Is mutual funds taxation different in case of NRIs? Is not the capital gain tax on mutual funds for Non-residents same as of resident Indians?
The answer is both Yes & NO.
This is a common understanding that the Non-residents are treated at par with Residents in case of Mutual fund investments. But actually, this is not the case.
Then how is it different for NRIs? This is the question which today we will find the answer of. But before looking at how it is different, we first try to understand how mutual funds taxation actually works
Mutual Funds Taxation – Factors to consider
Capital gain tax on mutual funds depends on 2 major factors – Type of fund and the holding period of the investments.
Broadly there are 2 types of funds if we look at it from taxation angle:
Equity and Non-Equity
Equity funds are those funds where the composition of equity and equity related instruments in the portfolio is 65% and above.
Non-Equity funds are all those funds which do not satisfy the above-mentioned condition. Means all categories of Debt mutual funds, Hybrid funds with less than 65% equity exposure, Gold funds etc all are Non-Equity funds.
Besides the Type of fund, the Holding period of the scheme in your portfolio, also determines Mutual funds taxation. Based on Holding period there are 2 segments in capital gain taxation.
Long-term and Short-term.
In case of Equity mutual funds, if the holding period is more than 1 year, then it falls under Long-term capital gain taxation otherwise it remains short term. Whereas,
In Non-Equity Mutual funds, if the holding period is more than 3 years, then it falls under Long-term capital gain taxation otherwise it remains short term.
Capital Gains Tax on Mutual funds – Tax rates
The below table shows the rate of capital gains tax in case of different holding periods and also the type of funds.
Mutual funds taxation – How is it different for Non-Residents?
Residential status also impacts the capital gains tax on mutual funds. Yes, commonly it is known that capital gains tax on mutual funds works same with Residents and Non-residents. But that is not completely true.
While Long-term capital gains tax in case of equity fund both Residents and non-residents have to pay 10% (w.e.f. 01.04.2018), in the case of Non-Equity funds the rules are different.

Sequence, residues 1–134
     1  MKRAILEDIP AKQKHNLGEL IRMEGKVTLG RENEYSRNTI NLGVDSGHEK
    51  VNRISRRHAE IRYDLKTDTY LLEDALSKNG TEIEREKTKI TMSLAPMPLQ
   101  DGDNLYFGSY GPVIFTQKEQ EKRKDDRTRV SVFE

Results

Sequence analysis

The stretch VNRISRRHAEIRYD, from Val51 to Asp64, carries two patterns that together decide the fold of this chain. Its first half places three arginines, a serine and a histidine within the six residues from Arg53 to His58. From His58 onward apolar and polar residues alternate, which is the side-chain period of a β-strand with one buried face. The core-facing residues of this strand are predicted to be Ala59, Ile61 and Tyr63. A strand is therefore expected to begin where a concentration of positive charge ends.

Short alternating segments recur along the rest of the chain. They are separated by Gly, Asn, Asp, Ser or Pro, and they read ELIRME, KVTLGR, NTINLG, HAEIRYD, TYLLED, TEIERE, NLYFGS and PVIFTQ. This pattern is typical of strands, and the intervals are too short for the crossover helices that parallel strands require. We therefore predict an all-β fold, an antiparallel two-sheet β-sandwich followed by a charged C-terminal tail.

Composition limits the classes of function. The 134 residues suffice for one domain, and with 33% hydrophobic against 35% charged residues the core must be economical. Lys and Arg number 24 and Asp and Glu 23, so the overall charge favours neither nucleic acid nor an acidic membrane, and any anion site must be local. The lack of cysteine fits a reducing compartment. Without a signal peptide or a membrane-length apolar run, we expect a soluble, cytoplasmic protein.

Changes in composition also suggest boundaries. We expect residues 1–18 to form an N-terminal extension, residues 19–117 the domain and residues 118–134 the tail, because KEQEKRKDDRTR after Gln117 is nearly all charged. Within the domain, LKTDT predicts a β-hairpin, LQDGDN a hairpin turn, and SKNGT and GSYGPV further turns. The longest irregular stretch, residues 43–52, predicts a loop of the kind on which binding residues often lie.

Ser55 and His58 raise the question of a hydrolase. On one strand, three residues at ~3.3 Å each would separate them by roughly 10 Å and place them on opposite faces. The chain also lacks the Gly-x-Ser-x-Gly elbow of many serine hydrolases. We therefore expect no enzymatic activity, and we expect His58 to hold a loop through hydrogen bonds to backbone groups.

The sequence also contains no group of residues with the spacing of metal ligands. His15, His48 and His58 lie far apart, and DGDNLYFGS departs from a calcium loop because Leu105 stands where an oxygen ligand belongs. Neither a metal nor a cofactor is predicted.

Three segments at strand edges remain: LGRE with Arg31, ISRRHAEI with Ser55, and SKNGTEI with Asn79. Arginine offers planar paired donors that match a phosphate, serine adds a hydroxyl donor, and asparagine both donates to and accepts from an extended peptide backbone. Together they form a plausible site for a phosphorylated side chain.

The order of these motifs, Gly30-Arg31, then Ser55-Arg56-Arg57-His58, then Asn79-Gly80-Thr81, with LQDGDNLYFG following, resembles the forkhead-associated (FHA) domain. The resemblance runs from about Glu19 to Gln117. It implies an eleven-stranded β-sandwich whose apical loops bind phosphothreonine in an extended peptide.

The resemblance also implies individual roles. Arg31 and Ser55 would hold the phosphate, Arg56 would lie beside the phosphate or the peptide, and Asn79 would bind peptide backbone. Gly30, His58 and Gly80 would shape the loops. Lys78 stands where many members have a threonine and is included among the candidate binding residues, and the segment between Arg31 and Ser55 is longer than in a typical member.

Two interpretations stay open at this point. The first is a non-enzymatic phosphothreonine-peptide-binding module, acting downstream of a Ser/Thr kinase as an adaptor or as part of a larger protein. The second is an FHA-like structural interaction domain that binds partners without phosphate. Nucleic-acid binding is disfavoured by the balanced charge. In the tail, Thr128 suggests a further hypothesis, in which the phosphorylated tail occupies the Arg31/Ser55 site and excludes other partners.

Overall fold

NRIs are not allowed to take Indexation benefit in case of Unlisted debt Securities.
As per Income tax rules, in the case of Long-term capital gains in Non-Equity schemes, NRIs are subject to 20% tax rate after Indexation in case of Listed schemes; and 10% without Indexation in case of Unlisted schemes. (Read: What is indexation and how to calculate Indexed cost of acquisition?)
So, if we take a look at the listing status of different mutual fund schemes, then only Close-ended schemes get mandatorily listed on stock exchange and Rest all Open-ended schemes remain unlisted.
This means that if an NRI books a Long-term capital gain from a Non-Equity Mutual fund which is not listed on the stock exchange then he/she will have to pay 10% of the gains as capital gains tax, whereas if the scheme is listed on the exchange (like a Fixed Maturity Plan) then the tax rate would be 20% after adjusting for indexation.
This is not all, unlike Residents, in the case of capital gains tax on mutual funds NRIs are subject to TDS on the Capital gains. In fact, not only in mutual funds, NRIs are subject to TDS in almost all the investments they make in India.
It is always important to be on the right side of the law. Sometimes what is commonly known may not be true and Ignorance can never be an excuse in legal issues.
The advantage with NRIs in case of Mutual funds taxation is the TDS which gets deducted at applicable tax rates. This may be construed as a disadvantage too when you do not have any other income in India.
That is why being aware of the tax laws is important so you should pay only what you are liable to and claim the refund of what has been deducted extra from your Income.
Hope you find the article on Capital gains tax on mutual funds useful. You may ask your queries if any in the comments section below.